But it wasn't everything.

Three people look at medical equipment.

"While winning is important, the bond we share as allied units under [Sophie] is just as important to our soldiers," Lt.-Col. Christopher Canavan, the regiment's commanding officer, said via email earlier this year.

Canavan said he has "always felt a great sense of pride" talking with Sophie about the state of the unit, where its soldiers are serving or training and how their families are adjusting with personnel away on training or operations.

On Sunday, Sophie will attend a service of remembrance at the cenotaph in St. Catharines with Ontario Lt. Gov. Elizabeth Dowdeswell.

Vovk said royal visits such as this one are meaningful for the hosts.

"It always does great things for the morale [of the servicemen and servicewomen] and for the community when the colonels-in-chief actually visit in person, especially for St. Catharines, which isn't Ottawa or Toronto or Vancouver. This is a big community moment for that part of southern Ontario."

On Monday, the focus shifts to health care for Sophie, who has been patron of the Toronto General and Toronto Western hospitals since 2005.

During the three-day visit to those hospitals and another site within the University Health Network, she will meet front-line health-care workers, researchers, hospital supporters, volunteers, staff and patients.

Sophie will hear about advances in arthritis, vision and brain research, social and emergency medicine, along with innovations in cardiovascular care and the latest technologies in physical rehabilitation, Buckingham Palace said.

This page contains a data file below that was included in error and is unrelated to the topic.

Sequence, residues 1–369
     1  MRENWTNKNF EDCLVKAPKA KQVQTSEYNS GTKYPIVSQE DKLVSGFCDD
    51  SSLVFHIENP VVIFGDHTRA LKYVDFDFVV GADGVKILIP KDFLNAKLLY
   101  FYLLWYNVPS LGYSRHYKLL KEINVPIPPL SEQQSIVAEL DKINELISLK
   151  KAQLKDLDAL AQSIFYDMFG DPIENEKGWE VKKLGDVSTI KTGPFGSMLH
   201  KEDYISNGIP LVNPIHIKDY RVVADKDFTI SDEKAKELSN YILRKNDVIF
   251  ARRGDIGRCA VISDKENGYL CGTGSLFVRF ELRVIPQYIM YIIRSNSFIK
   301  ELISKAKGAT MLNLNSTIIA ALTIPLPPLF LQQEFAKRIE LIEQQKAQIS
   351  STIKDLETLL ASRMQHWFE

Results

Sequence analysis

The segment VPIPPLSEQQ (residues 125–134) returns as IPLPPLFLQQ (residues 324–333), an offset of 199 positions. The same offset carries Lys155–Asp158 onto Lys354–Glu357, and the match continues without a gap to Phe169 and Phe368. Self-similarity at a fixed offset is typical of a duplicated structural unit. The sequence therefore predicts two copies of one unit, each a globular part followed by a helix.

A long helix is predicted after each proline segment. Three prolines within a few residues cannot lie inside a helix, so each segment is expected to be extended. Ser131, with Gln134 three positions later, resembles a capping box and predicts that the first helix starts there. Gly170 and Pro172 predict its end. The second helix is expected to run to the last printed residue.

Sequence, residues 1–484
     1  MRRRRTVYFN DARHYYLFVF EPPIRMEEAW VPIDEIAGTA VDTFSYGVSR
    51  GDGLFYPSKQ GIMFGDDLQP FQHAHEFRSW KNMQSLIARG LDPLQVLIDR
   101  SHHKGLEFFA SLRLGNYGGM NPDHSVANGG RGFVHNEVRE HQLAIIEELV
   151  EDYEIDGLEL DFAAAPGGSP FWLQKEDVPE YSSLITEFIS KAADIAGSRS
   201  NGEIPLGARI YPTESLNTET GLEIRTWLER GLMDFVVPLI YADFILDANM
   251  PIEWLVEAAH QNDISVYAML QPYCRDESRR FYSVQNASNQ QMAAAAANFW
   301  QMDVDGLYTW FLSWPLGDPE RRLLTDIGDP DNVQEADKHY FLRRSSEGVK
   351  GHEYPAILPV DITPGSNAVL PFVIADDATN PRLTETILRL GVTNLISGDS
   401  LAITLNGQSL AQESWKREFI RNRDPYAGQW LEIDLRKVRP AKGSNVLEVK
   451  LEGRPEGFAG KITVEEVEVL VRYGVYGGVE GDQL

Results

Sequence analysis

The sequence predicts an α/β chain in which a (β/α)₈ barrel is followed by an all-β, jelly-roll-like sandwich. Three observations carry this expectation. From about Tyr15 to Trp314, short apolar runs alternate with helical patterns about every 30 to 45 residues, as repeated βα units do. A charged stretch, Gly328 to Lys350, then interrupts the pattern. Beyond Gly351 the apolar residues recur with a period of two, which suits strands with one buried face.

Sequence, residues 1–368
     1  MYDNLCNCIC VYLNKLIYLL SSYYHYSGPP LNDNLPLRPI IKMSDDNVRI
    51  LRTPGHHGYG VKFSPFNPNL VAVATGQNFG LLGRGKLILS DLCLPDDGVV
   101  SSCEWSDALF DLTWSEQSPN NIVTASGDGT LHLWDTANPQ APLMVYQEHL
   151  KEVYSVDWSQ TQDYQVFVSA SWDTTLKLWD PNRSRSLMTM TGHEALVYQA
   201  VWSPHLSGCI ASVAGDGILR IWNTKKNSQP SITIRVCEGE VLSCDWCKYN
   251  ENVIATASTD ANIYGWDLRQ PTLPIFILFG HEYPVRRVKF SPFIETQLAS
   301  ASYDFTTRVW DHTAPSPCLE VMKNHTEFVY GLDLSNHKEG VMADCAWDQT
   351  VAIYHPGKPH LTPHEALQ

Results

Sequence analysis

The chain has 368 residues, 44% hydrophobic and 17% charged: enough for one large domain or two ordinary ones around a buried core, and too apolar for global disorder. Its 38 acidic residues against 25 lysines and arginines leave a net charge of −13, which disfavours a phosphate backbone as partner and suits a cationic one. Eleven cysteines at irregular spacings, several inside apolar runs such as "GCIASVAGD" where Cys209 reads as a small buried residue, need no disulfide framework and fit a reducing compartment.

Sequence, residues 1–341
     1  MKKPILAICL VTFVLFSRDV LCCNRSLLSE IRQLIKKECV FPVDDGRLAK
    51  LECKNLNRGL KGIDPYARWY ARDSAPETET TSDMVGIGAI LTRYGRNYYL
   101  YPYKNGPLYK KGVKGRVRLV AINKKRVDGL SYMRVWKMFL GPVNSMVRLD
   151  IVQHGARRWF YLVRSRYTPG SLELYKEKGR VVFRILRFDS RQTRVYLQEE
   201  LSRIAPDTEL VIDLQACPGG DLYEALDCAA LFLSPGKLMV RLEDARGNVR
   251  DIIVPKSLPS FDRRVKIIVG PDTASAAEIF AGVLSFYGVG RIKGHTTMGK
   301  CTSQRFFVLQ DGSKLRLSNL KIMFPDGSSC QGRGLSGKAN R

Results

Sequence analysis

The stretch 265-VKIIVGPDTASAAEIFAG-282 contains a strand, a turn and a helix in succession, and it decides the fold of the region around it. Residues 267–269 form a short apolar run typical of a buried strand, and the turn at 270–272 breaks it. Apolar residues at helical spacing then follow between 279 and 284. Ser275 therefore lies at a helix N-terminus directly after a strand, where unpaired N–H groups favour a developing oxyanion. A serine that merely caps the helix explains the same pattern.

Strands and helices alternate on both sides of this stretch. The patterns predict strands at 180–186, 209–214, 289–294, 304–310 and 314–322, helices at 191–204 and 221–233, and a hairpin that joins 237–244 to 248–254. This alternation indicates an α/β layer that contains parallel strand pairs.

Sophie's visit follows other royal trips to Canada this year, including a very low-profile visit by her husband, Prince Edward, the Duke of Edinburgh, in the spring, and visits by Princess Anne.

King Charles has not visited Canada since becoming monarch when his mother died in September 2022, and no trip has been announced, although there have been hints of a possible visit next year.

Royally quotable

"None of this can change the past. But by addressing our history with honesty and openness we can, perhaps, demonstrate the strength of our friendship today."

— King Charles, during his speech at the state banquet this week in Kenya.

Three people talk with one another while in a garden.

Royal reads

  1. King Charles and Queen Camilla were educated on the threat posed by poaching as they greeted elephants during their visit to Kenya. [ITV]

  2. Charles is to attend the opening ceremony of the COP28 climate summit in the United Arab Emirates, one year after he was advised by the British government not to attend the COP27 summit in Egypt. [The Guardian]

  3. Four of the chairs specially made for Charles's coronation have been auctioned for charity, some of which support the homeless. [BBC]

  4. Princess Eugenie says she fears posting on Instagram after receiving backlash from trolls. The granddaughter of the late Queen Elizabeth spoke about the pressure of running her own account on the social media platform on a podcast. [ITV]

  5. Actor Simon Farnaby has reflected on an awkward encounter with Queen Elizabeth while filming the Paddington Bear Platinum Jubilee concert special. [The Independent]

  6. Critics of The Crown, including actor Judi Dench and former British prime minister John Major, must feel "rather stupid" after watching the show, its creator has said. [The Guardian]

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ABOUT THE AUTHOR

Janet Davison is a CBC senior writer and editor based in Toronto.